There is an interesting literature on organizational culture--the beliefs, norms, customary practices, methods, etc. that are found in, and vary among, particular organizations--that bears on our subject. The literature emphasizes the difficulty of changing an organization's culture. A famous study of our failure in Vietnam, by Robert Komer (Bureaucracy Does Its Thing: Institutional Constraints on U.S.-GVN Performance in Vietnam (R‚Äì967‚ÄìARPA, Aug. 1972), and a similar recent study by John Nagl (Learning to Eat Soup with a Knife: Counterinsurgency Lessons from Malaya and Vietnam (paperback ed. 2005)), document the inability of our government to change the organizational culture of our armed forces, even though it was plain to many people in government that that culture was poorly suited to the conditions of the Vietnam war. Business failures frequently stem from the same cultural inertia, even though business receives from the market strong signals that its culture is maladapted.
The explanation is in part the sunk-costs problem that I have emphasized, but also the "network" character of an organization's culture, which makes it necessary, in order to change the culture in a constructive way, to change a great many things at once, and some of the things may be very difficult to change. For example, when the Detroit auto companies began losing market share to Japanese manufacturers, they studied Japanese methods and decided to adopt one of them, the "quality circle" approach whereby workers were encouraged to take an active role in suggesting productivity enhancements. Transposed to the United States, the approach failed because workers realized that improvements in productivity might endanger their job. This wasn't a problem in Japan because workers in the Japanese automobile industry had de facto lifetime tenure, which our workers did not.
In Vietnam the obstacles to our armed forces' changing their organizational culture was that the culture was optimized to a continuing threat, namely that of a conventional war in Europe. Secretary of Defense Rumsfeld has had a somewhat easier job of altering the armed forces' culture to make it more responsive to what is being called "postmodern warfare," illustrated by the struggle against global terrorism and the insurgency in Iraq, because the threat of a conventional war has receded. In addition, in seeking to transform the armed forces, Rumsfeld is aided by the fact that technological innovation, the key to his concept of transformation, is an element of the traditional U.S. military culture.
So culture is habit writ large and is difficult to change because habits are difficult to change. And changing national cultures, like changing social norms and customs (themselves a part of culture), is particularly difficult, because of the lack of centralized direction. In principle, the culture of a nation's military can be changed by an order of the commander in chief, though in practice such an order is likely to be foiled by passive resistance within the organization. But a national culture has no hierarchy, unless the nation is totalitarian. To change a nation's language or any other deep-seated feature of its culture requires coordinated action without a coordinator. Imagine a country whose leaders thought it would be more efficient for drivers to drive on the right-hand side of the road rather than the left but decided to leave the change to the spontaneous decision of the drivers.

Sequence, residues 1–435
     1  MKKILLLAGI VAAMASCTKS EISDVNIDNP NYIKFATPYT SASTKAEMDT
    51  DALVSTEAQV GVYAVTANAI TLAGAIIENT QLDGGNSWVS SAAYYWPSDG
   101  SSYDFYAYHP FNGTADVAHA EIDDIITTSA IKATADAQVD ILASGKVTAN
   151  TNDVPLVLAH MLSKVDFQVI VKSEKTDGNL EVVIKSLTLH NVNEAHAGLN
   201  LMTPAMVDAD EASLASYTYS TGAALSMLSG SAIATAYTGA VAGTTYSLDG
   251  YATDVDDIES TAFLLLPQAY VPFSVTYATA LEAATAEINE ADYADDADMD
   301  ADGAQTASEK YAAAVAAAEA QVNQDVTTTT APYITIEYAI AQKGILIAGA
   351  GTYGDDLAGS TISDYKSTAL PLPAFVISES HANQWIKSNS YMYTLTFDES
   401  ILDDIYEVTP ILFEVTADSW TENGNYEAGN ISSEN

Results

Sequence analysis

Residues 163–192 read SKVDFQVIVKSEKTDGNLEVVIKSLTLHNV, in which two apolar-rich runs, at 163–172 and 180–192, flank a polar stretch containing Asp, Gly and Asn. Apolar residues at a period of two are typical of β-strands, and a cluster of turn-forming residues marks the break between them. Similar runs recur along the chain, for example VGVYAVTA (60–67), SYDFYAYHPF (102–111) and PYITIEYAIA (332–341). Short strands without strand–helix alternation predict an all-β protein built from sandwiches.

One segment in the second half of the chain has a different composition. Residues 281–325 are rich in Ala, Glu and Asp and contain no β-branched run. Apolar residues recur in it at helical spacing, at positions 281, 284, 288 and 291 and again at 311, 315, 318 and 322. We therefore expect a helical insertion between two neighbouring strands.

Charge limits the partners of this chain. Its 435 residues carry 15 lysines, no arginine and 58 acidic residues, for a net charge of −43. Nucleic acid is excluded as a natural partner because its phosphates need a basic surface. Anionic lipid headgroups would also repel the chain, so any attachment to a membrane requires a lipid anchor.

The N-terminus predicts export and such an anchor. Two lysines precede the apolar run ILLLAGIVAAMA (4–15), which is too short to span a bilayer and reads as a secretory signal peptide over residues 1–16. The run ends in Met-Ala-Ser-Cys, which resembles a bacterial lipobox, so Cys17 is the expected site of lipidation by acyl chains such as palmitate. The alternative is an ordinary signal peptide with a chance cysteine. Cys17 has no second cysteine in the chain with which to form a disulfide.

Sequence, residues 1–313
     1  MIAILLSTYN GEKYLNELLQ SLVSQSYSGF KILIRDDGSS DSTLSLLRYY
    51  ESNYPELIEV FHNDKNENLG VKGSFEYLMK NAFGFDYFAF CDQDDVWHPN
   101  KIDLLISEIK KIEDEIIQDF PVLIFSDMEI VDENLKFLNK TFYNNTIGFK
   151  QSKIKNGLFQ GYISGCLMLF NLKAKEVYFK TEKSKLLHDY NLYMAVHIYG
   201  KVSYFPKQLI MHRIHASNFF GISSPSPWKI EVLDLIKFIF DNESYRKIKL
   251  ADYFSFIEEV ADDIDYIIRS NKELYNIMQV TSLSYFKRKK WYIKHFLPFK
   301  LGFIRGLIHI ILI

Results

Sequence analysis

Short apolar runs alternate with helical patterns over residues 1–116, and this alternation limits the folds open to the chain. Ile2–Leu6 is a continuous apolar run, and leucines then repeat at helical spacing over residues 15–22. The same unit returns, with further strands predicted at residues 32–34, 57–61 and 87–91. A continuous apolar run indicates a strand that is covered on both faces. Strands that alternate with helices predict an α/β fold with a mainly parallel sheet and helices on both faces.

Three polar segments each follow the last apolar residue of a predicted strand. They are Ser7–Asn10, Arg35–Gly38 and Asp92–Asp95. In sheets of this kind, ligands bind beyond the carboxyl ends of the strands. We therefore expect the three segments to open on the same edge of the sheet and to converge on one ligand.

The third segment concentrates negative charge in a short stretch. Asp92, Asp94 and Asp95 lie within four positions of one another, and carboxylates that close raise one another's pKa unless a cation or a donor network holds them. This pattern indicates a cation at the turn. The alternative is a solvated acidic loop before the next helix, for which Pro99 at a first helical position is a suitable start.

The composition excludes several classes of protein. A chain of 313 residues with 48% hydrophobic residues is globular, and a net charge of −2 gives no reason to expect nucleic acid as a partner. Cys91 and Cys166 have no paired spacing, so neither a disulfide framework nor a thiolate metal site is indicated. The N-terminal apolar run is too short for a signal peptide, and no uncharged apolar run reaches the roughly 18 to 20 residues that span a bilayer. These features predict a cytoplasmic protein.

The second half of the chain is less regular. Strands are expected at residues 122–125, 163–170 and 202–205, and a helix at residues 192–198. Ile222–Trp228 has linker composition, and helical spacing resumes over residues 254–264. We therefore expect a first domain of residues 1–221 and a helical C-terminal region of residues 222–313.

The dramatic though not complete changes in the German and Japanese national cultures that occurred in the wake of World War II were facilitated by the fact that in each case the war had smashed much of the existing national culture as well as demonstrated its dysfunctional character. That has yet to happen in France.
Posner emphasizes two important reasons, habit and coordination costs, for why cultures, including those of nations and companies, often change very slowly. I agree with his arguments on why habitual behavior and coordination-network effects are important, and do not have much to add directly to his discussion. Instead, I will try to explain the seeming contradiction that many aspects of national cultures change drastically and often surprisingly quickly. In a nutshell what I claim is that major economic and technological changes frequently trump culture in the sense that they induce enormous changes not only in behavior but also in beliefs.
A clear illustration of this is the huge effects of technological change and economic development on behavior and beliefs regarding many aspects of the family. Attitudes and behavior regarding family size, marriage and divorce, care of elderly parents, premarital sex, men and women living together and having children without being married, and gays and lesbians have all undergone profound changes during the past 50 years. Invariably, when countries with very different cultures experienced significant economic growth, women's education increased greatly, and the number of children in a typical family plummeted from three or more to often much less than two. Divorce rates often exploded, men and women married later, and living together without marriage became more common.
Ireland is an excellent example since not long ago Irish family patterns were the object of study by demographers only because they were so different. These patterns involved late ages at marriage, high birth rates, no divorce, and married women who spent their time mainly caring for children and their husbands. Enshrined in the Irish Constitution of the 1930's is the hope that married women would not work but instead they would be home taking care of their families.